AES audio metadata standard incorporates EBU R 128
24 July 2012
The Audio Engineering Society (AES) has published a new multipart version of its standard for audio-embedded metadata, AES41. The standard allows useful information about the audio to be embedded directly in the audio sample itself, where it can be accessed by whatever device is receiving and processing the signal. A new addition to AES41 allows for the carriage of loudness and true peak metadata as used in R 128, the EBU Loudness Recommendation. This means that audio can now be sent uncompressed, with EBU Loudness metadata embedded within the audio signal.
R 128 indicates that the simplest way to manage the loudness of broadcast audio is to normalize it at source, to a single target level (-23 LUFS). However, it is accepted that some workflows use metadata to indicate loudness, and require that metadata to be carried through the production chain to the receiver. This enables normalization at a later stage, e.g. in the receiver in the home. In production Dolby E is the prime example, allowing multichannel audio to be carried on a stereo infrastructure, together with loudness and other metadata. The metadata can then be handed over to AC-3 or MPEG 4 audio encoders for delivery to the home.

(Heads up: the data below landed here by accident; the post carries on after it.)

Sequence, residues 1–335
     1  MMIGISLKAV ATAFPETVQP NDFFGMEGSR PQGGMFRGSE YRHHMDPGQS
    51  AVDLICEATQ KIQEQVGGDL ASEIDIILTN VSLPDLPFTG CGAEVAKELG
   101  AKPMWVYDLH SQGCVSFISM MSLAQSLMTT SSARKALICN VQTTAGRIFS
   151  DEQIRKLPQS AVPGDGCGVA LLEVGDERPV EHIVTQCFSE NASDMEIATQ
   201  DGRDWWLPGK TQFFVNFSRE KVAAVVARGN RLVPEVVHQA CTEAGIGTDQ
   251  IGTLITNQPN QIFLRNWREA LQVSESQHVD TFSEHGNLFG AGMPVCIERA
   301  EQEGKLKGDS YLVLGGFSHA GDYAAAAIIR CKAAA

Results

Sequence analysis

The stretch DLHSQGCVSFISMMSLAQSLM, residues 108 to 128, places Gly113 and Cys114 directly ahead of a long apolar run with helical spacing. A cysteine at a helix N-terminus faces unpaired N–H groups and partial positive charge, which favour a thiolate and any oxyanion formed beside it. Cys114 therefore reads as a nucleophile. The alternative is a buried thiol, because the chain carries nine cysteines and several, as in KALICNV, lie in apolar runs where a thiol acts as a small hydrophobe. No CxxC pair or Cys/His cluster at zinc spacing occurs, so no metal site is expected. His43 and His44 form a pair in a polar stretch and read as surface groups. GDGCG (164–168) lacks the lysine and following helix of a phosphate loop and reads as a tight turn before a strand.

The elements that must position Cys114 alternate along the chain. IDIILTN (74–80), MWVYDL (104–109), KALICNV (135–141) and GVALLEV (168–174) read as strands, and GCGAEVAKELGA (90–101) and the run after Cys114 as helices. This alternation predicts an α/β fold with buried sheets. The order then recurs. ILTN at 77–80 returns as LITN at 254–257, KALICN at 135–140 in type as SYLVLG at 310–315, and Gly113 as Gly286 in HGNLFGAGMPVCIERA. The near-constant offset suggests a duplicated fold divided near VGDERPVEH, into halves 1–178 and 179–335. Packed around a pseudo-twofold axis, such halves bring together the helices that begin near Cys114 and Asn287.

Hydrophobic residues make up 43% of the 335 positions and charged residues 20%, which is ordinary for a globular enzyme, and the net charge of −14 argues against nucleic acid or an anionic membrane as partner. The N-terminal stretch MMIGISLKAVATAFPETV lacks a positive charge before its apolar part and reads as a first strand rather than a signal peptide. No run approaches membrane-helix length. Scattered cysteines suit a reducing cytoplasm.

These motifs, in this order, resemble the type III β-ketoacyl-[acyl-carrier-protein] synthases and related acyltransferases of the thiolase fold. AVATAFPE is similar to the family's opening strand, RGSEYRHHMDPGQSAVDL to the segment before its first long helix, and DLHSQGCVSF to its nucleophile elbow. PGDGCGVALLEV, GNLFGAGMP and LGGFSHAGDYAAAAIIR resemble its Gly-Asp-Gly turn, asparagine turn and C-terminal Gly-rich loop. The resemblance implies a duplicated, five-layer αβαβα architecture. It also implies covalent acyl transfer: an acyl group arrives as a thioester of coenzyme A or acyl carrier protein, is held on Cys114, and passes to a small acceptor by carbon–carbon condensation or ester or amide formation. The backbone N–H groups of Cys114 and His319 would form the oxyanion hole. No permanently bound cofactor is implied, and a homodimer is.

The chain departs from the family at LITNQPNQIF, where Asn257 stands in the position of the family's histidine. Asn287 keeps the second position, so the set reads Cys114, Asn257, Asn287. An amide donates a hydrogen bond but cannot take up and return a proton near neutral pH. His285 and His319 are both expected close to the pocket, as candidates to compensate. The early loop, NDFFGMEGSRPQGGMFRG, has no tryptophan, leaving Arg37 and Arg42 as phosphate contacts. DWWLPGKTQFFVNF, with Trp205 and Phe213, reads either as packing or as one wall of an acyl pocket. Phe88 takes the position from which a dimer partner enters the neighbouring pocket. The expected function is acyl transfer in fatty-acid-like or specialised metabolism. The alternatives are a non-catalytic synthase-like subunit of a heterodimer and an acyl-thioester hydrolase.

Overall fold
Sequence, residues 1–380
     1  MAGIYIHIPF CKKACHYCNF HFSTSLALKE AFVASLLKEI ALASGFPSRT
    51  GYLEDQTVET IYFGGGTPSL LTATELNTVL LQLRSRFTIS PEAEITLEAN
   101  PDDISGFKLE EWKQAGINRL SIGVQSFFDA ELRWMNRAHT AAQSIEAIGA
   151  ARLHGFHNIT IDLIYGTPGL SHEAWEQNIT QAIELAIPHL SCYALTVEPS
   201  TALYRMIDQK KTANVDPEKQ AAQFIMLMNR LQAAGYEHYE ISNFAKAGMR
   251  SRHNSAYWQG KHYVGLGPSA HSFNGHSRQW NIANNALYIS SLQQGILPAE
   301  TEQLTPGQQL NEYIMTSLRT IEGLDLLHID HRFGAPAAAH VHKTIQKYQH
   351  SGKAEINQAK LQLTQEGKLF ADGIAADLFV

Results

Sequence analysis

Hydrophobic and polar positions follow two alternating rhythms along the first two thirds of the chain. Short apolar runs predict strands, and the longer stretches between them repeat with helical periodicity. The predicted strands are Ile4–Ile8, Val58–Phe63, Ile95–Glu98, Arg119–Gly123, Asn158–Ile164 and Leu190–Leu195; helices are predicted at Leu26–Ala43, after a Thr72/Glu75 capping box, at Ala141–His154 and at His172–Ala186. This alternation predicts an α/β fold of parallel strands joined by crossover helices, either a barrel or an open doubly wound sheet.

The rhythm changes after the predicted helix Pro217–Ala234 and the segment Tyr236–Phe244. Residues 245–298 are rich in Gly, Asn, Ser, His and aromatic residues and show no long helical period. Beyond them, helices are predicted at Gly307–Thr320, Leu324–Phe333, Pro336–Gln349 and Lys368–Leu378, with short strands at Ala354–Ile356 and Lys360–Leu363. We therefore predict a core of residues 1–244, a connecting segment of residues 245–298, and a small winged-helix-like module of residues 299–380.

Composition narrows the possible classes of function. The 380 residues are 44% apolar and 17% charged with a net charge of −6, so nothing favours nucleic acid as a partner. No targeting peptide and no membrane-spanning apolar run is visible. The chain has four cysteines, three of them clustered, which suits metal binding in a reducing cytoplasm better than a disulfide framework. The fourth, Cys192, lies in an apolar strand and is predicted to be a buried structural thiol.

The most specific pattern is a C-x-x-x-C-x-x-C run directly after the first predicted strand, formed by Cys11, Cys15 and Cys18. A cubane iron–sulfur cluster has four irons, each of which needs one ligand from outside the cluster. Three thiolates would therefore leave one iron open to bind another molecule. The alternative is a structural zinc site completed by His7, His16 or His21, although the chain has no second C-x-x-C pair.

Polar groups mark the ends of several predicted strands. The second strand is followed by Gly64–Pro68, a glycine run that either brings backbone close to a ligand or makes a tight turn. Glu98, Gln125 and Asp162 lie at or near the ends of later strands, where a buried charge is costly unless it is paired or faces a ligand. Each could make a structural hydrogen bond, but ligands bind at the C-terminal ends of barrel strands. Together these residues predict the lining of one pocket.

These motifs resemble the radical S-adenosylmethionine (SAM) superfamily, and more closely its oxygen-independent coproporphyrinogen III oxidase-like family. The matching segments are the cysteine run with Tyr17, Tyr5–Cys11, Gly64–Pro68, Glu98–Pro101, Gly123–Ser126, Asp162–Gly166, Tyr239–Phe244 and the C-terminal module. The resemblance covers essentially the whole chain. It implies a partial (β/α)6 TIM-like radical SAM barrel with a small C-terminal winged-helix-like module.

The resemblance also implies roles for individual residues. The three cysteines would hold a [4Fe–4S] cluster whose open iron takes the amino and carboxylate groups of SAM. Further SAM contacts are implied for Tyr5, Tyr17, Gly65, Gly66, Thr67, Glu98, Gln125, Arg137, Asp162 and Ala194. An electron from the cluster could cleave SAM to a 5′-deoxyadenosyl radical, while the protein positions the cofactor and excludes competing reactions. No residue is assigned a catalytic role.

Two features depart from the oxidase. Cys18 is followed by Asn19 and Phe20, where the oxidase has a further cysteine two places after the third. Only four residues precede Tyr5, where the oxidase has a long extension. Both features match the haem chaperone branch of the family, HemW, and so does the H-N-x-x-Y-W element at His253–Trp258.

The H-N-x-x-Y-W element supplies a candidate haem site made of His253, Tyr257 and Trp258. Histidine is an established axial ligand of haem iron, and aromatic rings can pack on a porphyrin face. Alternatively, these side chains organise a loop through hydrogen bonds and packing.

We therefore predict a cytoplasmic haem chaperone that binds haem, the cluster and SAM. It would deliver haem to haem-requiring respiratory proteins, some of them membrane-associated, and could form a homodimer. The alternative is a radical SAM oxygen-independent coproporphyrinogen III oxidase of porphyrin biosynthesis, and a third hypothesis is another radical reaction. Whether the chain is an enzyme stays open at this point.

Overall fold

The latest version of AES41 adds three new parts, describing the data format for the metadata to embedded. In addition to EBU R 128 (which is covered in Part 5), the standard now also specifies data formats for AAC/HE-AAC (Part 3) and Dolby E (Part 4).
The individual parts of the standard, or the whole set of documents, can be downloaded from the AES website. (A fee is payable by non-members.)
EBU Loudness Recommendation R 128 was produced by the EBU PLOUD group. It, along with several supporting documents, deals with the way loudness is measured and controlled in broadcast audio. It recommends that audio should be normalized using Loudness meters instead of Peak Meters, which has been the common practise.
The EBU is sponsoring this free session at IBC 2012 on Monday 10 September. Join The Loudness Breakfast to catch on some of the latest audio industry developments around this topic.